What does wield mean?

Definitions for wield

This dictionary definitions page includes all the possible meanings, example usage and translations of the word wield.

Princeton's WordNet

  1. wield, exert, maintainverb

    have and exercise

    "wield power and authority"

  2. wield, handle, manageverb

    handle effectively

    "The burglar wielded an axe"; "The young violinist didn't manage her bow very well"


  1. wieldverb

    To command, rule over; to possess or own.

  2. wieldverb

    To control, to guide or manage.

  3. wieldverb

    To handle with skill and ease, especially of a weapon or tool.

  4. wieldverb

    To exercise (authority or influence) effectively.

  5. Etymology: From wieldan, a derivative of wealdan "to govern", from *walt-. Cognate with German walten, Swedish vålla.

Samuel Johnson's Dictionary

  1. To WIELDverb

    To use with full command, as a thing not too heavy for the holder.

    Etymology: wealdan , Saxon; to manage in the hand.

    Base Hungarian wight, wilt thou the spigot wield. William Shakespeare.

    His looks are full of peaceful majesty,
    His head by nature fram’d to wear a crown,
    His hand to wield a scepter, and himself
    Likely in time to bless a regal throne. William Shakespeare.

    There is that hand bolden’d to blood and war,
    That must the sword in wond’rous actions wield. Daniel.

    They are in the dark before they are aware; and then they make a noise only with terms; which, like too heavy weapons that they cannot wield, carry their strokes beyond their aim. Kenelm Digby, on Bodies.

    The least of whom could wield
    These elements, and arm him with the force
    Of all their regions. John Milton, Paradise Lost.

    Part wield their arms, part curb the foaming steed. John Milton.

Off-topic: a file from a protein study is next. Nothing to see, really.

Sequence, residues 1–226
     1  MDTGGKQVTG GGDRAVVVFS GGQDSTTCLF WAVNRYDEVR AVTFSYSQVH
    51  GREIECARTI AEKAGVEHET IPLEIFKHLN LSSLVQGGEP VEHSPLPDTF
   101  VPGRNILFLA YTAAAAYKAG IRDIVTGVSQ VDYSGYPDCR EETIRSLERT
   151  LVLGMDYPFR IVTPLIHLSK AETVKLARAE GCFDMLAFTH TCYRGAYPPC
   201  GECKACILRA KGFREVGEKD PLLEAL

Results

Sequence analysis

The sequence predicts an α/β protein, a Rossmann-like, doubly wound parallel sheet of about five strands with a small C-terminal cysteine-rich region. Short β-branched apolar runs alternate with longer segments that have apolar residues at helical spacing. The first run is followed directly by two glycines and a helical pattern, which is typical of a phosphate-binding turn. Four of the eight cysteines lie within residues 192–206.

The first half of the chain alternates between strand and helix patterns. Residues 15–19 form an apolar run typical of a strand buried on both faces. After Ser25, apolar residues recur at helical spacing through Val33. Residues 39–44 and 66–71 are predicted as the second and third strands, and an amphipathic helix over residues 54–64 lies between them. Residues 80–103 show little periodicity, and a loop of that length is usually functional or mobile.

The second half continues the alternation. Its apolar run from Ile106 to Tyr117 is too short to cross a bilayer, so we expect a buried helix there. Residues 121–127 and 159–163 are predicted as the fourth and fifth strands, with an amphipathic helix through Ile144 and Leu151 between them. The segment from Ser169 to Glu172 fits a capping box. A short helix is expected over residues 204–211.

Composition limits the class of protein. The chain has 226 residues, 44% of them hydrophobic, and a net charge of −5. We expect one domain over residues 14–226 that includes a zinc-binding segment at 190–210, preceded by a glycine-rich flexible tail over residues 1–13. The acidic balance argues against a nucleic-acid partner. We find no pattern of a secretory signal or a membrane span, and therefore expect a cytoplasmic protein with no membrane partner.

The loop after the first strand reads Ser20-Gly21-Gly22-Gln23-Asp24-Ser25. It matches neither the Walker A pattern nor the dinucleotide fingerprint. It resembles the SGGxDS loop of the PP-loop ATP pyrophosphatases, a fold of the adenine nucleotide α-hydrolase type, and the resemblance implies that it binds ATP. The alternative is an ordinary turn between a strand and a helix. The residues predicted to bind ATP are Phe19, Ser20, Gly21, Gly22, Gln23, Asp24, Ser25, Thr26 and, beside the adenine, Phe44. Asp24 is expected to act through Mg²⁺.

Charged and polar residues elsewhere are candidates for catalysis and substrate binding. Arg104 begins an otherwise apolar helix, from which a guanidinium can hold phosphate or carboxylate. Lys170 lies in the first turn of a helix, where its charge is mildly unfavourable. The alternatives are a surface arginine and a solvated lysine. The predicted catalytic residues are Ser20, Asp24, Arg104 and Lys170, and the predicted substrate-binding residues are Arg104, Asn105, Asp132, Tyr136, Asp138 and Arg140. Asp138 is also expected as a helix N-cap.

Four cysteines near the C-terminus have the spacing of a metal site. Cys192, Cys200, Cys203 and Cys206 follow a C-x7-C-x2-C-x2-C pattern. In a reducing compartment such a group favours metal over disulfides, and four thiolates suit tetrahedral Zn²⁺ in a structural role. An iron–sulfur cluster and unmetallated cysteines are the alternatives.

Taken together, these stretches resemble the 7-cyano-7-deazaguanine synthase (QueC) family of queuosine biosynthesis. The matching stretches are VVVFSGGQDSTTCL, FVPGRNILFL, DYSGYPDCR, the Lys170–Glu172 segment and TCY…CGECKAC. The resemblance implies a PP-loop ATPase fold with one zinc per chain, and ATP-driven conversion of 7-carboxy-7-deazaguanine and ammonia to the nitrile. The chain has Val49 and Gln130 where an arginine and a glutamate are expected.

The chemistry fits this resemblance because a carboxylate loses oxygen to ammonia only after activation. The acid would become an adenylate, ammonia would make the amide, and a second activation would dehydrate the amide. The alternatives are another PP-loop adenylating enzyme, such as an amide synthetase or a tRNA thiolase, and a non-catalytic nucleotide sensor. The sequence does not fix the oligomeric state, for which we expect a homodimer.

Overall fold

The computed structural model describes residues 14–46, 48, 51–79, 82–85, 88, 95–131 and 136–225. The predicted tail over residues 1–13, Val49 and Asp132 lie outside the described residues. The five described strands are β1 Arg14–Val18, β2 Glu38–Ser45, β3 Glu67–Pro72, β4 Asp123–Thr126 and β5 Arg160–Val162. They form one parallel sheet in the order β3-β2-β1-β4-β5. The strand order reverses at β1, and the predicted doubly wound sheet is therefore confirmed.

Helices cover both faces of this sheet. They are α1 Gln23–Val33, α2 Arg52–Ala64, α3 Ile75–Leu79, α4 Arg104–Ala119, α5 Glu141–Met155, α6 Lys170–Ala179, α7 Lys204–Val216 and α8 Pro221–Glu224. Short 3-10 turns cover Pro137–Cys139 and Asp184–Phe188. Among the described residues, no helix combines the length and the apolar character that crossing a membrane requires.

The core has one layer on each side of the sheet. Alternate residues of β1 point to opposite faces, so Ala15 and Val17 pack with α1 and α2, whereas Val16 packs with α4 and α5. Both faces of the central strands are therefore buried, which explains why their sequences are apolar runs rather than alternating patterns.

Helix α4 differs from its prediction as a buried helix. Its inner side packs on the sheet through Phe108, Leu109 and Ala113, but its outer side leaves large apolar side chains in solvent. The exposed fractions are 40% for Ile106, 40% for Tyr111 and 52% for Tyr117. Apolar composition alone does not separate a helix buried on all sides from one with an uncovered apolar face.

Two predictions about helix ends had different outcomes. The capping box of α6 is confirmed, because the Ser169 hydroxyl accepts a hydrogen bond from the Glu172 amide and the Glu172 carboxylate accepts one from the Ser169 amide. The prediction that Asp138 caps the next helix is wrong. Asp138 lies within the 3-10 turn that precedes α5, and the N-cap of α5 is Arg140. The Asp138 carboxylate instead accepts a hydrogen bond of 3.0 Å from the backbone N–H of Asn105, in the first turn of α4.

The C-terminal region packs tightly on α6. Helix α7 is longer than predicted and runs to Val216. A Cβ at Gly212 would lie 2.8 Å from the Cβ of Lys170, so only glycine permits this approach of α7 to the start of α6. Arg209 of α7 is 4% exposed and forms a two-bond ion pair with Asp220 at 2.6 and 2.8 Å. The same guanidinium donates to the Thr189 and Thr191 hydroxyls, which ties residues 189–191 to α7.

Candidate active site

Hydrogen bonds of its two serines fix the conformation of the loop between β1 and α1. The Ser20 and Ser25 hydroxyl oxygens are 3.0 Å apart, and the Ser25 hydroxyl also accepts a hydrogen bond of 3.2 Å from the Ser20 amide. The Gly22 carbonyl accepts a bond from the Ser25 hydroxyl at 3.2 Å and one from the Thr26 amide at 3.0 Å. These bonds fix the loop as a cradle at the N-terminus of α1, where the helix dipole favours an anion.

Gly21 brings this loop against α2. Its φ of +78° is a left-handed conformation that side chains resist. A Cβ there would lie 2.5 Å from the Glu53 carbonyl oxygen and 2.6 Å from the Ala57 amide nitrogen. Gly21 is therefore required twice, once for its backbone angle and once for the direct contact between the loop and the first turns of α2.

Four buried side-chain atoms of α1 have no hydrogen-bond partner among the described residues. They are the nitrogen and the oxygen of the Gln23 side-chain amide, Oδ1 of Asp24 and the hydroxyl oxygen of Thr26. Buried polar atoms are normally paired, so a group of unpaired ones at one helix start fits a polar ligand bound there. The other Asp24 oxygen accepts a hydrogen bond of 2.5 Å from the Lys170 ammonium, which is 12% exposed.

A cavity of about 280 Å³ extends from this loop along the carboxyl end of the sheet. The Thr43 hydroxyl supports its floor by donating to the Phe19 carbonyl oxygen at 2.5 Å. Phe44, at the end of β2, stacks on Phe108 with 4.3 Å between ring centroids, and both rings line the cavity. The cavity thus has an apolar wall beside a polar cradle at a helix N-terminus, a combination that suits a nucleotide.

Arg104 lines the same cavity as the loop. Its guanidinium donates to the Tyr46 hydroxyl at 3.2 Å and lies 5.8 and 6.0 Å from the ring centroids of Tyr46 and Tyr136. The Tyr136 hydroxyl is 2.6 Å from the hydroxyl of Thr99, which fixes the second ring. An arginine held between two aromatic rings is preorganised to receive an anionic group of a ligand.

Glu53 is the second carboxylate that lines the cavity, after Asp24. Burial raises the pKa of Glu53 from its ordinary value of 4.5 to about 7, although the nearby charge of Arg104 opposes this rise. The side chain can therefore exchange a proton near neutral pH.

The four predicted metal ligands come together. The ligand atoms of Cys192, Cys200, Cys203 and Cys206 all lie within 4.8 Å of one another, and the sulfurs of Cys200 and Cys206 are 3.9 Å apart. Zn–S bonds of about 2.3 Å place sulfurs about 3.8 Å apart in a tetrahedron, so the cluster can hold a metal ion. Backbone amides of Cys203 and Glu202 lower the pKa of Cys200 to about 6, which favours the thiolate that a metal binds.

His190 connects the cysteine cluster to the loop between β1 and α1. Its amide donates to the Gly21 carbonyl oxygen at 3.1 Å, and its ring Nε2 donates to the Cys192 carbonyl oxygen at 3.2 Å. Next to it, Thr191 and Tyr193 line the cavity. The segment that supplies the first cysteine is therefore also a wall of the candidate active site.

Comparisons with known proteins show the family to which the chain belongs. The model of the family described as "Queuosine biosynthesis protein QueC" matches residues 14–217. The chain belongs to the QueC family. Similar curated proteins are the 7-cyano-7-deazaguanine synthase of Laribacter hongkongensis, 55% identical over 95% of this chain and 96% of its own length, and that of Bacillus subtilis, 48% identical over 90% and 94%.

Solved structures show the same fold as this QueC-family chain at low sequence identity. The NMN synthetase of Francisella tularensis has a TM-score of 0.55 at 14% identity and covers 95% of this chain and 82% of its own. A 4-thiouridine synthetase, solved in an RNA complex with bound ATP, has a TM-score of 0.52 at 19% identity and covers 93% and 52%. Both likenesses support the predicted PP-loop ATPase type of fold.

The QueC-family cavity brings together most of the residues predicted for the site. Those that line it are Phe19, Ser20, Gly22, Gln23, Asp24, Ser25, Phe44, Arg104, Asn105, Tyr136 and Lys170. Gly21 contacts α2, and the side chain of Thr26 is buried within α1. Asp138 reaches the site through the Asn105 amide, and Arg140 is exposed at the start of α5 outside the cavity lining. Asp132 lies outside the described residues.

If Rome’s great senate could not wield that sword,
    Which of the conquer’d world had made them lord;
    What hope had ours, while yet their pow’r was new,
    To rule victorious armies, but by you? Edmund Waller.

    He worthiest, after him, his sword to wield,
    Or wear his armour, or sustain his shield. Dryden.


  1. wield

    The Western Institute for Endangered Language Documentation, or WIELD, is a California-based 501(c)(3) nonprofit organization dedicated to the documentation, preservation, revitalization, and revival of fragmented languages, especially the Native American languages of western North America. It was founded in 2013 by four linguists: Uldis Balodis, who has since published a grammar of the Yuki language, Jessica Kirchner, whose doctoral work had included engagement with the Kʷak̓ʷala language, Timothy Henry-Rodriguez, who had written a pedagogical grammar of Ventureño Chumash for his dissertation, and Neil Alexander Walker, who has since published a grammar of the Southern Pomo language. These four founding board members are symbolized on the WIELD corporate seal via phonetic symbols drawn from the four aforementioned languages studied by each scholar.Since its founding, WIELD has overseen several projects. In 2014, a WIELD board member located the last fluent speaker of the Wappo language, and he and another board member made two trips to make audio recordings of Wappo before the speaker died. At around the same time, WIELD entered into an agreement with the California Indian Museum and Cultural Center (CIMCC) in which WIELD taught Southern Pomo language classes to heritage students in the CIMCC's facilities.Additional long-term projects by WIELD have included support for archival work on the extinct Northeastern Pomo language and the creation of a Purisimeño Chumash dictionary. WIELD has created a careful standard for Americanist Phonetic Notation, which is a system in more common use for North American languages than is the International Phonetic Alphabet. WIELD has also innovated a Twitter-based model for hosting and archiving presentations for international workshops on fragmented languages.


  1. wield

    To wield means to hold and use a tool, weapon, power, or a degree of influence effectively, demonstrating control or mastery over it. Wield sometimes implies authority or proficiency in the usage of the item or influence being held.